OBJECTIVE Despite the widespread use of deep brain stimulation (DBS) for movement disorders such as Parkinson's disease (PD), the exact anatomical target responsible for the therapeutic effect is still a subject of research. Intraoperative stimulation tests by experts consist of performing passive movements of the patient's arm or wrist while the amplitude of the stimulation current is increased. At each position, the amplitude that best alleviates rigidity is identified. Intrarater and interrater variations due to the subjective and semiquantitative nature of such evaluations have been reported. The aim of the present study was to evaluate the use of an acceleration sensor attached to the evaluator's wrist to assess the change in rigidity, hypothesizing that such a change will alter the speed of the passive movements. Furthermore, the combined analysis of such quantitative results with anatomy would generate a more reproducible description of the most effective stimulation sites. METHODS To test the reliability of the method, it was applied during postoperative follow-up examinations of 3 patients. To study the feasibility of intraoperative use, it was used during 9 bilateral DBS operations in patients suffering from PD. Changes in rigidity were calculated by extracting relevant outcome measures from the accelerometer data. These values were used to identify rigidity-suppressing stimulation current amplitudes, which were statistically compared with the amplitudes identified by the neurologist. Positions for the chronic DBS lead implantation that would have been chosen based on the acceleration data were compared with clinical choices. The data were also analyzed with respect to the anatomical location of the stimulating electrode. RESULTS Outcome measures extracted from the accelerometer data were reproducible for the same evaluator, thus providing a reliable assessment of rigidity changes during intraoperative stimulation tests. Of the 188 stimulation sites analyzed, the number of sites where rigidity-suppressing amplitudes were found increased from 144 to 170 when the accelerometer evaluations were considered. In general, rigidity release could be observed at significantly lower amplitudes with accelerometer evaluation (mean 0.9 ± 0.6 mA) than with subjective evaluation (mean 1.4 ± 0.6 mA) (p < 0.001). Of 14 choices for the implant location of the DBS lead, only 2 were the same for acceleration-based and subjective evaluations. The comparison across anatomical locations showed that stimulation in the fields of Forel ameliorates rigidity at similar amplitudes as stimulation in the subthalamic nucleus, but with fewer side effects. CONCLUSIONS This article describes and validates a new assistive method for assessing rigidity with acceleration sensors during intraoperative stimulation tests in DBS procedures. The initial results indicate that the proposed method may be a clinically useful aid for optimal DBS lead placement as well as a new tool in the ongoing scientific search for the optimal DBS target for PD.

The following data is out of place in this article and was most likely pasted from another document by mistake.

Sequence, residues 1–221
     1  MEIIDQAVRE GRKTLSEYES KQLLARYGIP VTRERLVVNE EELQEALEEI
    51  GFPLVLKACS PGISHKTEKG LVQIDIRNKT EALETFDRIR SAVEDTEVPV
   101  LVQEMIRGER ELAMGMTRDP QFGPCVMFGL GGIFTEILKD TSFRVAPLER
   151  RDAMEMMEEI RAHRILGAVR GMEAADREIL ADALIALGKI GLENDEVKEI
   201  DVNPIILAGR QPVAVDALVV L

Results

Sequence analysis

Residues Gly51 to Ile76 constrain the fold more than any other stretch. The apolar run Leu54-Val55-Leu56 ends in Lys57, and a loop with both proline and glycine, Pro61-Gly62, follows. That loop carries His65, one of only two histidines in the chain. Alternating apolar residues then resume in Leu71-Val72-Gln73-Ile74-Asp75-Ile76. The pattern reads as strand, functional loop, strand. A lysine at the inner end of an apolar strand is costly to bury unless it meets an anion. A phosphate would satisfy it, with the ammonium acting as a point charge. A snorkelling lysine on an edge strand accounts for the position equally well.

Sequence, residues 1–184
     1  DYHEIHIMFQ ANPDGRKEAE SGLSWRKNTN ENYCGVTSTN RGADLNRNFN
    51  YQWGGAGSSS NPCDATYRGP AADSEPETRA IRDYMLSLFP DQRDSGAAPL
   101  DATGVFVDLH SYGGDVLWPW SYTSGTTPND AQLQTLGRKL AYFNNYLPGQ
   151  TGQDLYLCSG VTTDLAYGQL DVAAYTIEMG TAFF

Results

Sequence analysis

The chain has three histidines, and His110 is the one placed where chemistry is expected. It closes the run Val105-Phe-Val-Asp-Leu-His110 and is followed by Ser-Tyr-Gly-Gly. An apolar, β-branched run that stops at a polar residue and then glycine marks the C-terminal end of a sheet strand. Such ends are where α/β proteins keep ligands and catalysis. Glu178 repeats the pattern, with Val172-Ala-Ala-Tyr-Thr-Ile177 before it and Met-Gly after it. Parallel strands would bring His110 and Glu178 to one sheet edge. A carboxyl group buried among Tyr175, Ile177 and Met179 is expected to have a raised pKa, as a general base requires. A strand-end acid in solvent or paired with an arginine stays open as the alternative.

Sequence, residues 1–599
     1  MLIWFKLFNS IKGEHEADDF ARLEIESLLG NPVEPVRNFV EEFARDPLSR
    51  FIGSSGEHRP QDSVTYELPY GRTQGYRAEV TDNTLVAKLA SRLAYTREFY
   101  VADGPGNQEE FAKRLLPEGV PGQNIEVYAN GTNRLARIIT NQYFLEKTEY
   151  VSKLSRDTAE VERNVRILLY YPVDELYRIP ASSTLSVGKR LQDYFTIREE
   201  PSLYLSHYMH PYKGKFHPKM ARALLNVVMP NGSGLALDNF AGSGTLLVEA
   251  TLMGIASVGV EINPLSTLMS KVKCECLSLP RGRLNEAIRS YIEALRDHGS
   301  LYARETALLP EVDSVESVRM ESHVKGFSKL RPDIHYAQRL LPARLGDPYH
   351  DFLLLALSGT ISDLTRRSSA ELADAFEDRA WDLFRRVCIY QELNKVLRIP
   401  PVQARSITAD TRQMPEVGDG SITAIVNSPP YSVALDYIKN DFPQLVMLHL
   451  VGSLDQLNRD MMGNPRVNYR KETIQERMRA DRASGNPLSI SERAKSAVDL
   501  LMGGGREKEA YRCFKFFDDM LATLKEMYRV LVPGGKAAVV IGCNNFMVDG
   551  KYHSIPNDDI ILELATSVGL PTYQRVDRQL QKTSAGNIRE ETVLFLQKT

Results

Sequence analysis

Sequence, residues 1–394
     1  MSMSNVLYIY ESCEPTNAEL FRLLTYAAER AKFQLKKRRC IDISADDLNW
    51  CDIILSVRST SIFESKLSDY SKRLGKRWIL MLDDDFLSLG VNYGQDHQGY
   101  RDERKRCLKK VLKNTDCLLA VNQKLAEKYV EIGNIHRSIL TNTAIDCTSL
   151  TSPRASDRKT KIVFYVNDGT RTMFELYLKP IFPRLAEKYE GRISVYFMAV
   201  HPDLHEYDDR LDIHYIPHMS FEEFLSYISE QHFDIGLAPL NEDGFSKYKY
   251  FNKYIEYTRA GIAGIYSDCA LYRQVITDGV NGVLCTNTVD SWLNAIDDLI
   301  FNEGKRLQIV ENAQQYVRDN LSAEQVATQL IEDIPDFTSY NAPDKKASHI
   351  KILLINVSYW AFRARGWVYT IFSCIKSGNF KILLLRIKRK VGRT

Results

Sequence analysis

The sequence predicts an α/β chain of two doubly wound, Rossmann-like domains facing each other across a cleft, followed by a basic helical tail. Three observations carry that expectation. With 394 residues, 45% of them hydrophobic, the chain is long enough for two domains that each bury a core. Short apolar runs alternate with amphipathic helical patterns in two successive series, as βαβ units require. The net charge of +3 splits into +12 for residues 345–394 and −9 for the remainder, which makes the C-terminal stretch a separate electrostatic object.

Keywords: AmpQ = quantitatively identified rigidity-suppressing amplitude; AmpS = subjectively assessed amplitude; DBS = deep brain stimulation; FF = fields of Forel; MER = microelectrode recording; OR = operating room; PD = Parkinson's disease; Parkinson's disease; QC = quantitatively assessed change; S-EMG = surface electromyography; STN = subthalamic nucleus; USB = Universal Serial Bus; ZI = zona incerta; acceleration sensor; deep brain stimulation; fields of Forel; functional neurosurgery; intraoperative; quantification; rigidity; subthalamic nucleus.